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Discussion Starter · #1 · (Edited)
What is the best battle rattle AR-15 for the money? Just had someone push the SA SAINT to me and it seems nice for the money, but ARs are like rocks these days, they're everywhere, but some are definitely better than others. I'm looking to acquire another AR, but not one of these top level precision guns. I'm looking for a gun that is going to be a great value, one that is going to be tossed around, per se, used and run hard, but dead bolt reliable.
 
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Discussion Starter · #6 ·
As much as I love my MCX, for value, gotta say SW MP 15. I've seen them as low as $539. Whether or not it can be classified as "battle rattle" is up for debate is suppose...
I have the M&P15 Sport and love it, but it's really my daughter's gun when she gets old enough for her own. The new sport II has the dust cover and port assist, which I guess would bring it on par with the standard accepted version of a true battle rifle, but except for the twist rate, I wonder what the "military grade" rifles have that these lower end ARs don't.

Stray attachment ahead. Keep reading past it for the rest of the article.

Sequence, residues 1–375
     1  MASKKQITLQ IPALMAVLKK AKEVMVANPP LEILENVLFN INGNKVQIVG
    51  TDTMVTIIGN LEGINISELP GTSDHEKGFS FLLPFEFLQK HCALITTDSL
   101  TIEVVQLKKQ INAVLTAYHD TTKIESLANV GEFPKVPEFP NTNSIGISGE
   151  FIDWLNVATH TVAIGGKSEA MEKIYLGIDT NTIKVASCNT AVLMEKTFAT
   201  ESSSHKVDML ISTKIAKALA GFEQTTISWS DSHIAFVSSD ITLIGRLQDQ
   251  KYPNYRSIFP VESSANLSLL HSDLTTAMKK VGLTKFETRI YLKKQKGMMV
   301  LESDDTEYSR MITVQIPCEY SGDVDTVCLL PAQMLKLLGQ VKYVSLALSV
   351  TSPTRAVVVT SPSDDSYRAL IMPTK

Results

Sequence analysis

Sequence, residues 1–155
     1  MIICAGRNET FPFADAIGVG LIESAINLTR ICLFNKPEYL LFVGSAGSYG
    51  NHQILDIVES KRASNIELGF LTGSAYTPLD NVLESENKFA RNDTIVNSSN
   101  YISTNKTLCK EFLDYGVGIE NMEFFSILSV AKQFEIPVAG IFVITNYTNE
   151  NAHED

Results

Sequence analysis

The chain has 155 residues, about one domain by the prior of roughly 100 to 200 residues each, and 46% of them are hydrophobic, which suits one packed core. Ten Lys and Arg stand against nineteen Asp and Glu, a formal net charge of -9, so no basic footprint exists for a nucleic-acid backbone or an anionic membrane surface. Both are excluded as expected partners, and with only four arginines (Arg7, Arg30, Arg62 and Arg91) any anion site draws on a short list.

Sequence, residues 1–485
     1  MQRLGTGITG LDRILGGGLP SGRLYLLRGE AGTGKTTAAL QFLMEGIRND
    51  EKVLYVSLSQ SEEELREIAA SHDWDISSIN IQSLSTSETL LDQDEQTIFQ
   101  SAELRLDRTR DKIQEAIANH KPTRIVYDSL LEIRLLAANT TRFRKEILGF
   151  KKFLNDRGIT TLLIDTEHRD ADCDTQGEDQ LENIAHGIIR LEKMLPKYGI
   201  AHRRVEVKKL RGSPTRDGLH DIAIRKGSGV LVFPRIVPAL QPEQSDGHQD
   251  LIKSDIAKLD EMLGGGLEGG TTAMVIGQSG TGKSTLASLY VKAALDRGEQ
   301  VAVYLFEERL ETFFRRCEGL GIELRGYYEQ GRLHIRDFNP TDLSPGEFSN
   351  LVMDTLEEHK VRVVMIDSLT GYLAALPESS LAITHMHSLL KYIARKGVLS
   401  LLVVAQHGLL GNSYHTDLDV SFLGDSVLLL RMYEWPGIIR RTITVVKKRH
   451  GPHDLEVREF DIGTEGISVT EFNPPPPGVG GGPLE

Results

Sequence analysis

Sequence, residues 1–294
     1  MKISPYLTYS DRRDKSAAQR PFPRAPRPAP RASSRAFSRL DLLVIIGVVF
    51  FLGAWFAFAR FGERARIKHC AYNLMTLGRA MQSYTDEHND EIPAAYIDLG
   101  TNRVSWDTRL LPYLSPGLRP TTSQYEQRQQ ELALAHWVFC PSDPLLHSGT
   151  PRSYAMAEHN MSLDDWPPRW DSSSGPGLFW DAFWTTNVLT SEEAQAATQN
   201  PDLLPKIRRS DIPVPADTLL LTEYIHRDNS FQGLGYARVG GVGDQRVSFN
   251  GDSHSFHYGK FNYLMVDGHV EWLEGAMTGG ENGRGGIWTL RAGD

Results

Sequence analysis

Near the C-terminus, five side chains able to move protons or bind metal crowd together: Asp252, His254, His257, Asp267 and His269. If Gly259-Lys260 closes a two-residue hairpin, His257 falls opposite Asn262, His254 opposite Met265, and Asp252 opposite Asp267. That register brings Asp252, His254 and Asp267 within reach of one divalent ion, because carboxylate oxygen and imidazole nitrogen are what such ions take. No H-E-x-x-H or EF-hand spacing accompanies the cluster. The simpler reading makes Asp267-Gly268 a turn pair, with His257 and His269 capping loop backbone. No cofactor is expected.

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Hard to beat the Colt LE6920 though it is about a $900 rifle. As far as a budget AR15 the S&W Sport II would be hard to beat. A lot like the Ruger too but S&W Sport has been around quite a bit longer I believe. BCM is supposed to be excellent too for around $1100, such as the Mid-16.

http://grabagun.com/bcm-mid-16-mod-0-5-56-16-30rd.html
 

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If I was looking for a serious AR, the BCM or Colt are hard to beat.

If you're bored some time, Google "BCM filthy 14". I started trying out the Bravo Company stuff after reading that article and have yet to be disappointed with any of their products.

And now that Colt has gone back to using mil-spec parts again you can get a solid rifle for under $1,000.
 

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SW Sport II , never heard anyone complain. Its Smith and Wesson, they have the funds, knowledge and r&D to give us a solid rifle at a lower price. MilSPec is , well, MilSPec.
Have you ever had Mil SPec Milk.... Yep..
 
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The great thing about a cheap AR is you can always upgrade. Stock, rail, trigger...it never ends. Do you have a budget? The Saint is really sweet. I finally fired one the other week. I helped a guy at the range zero his and I almost didn't want to give it back.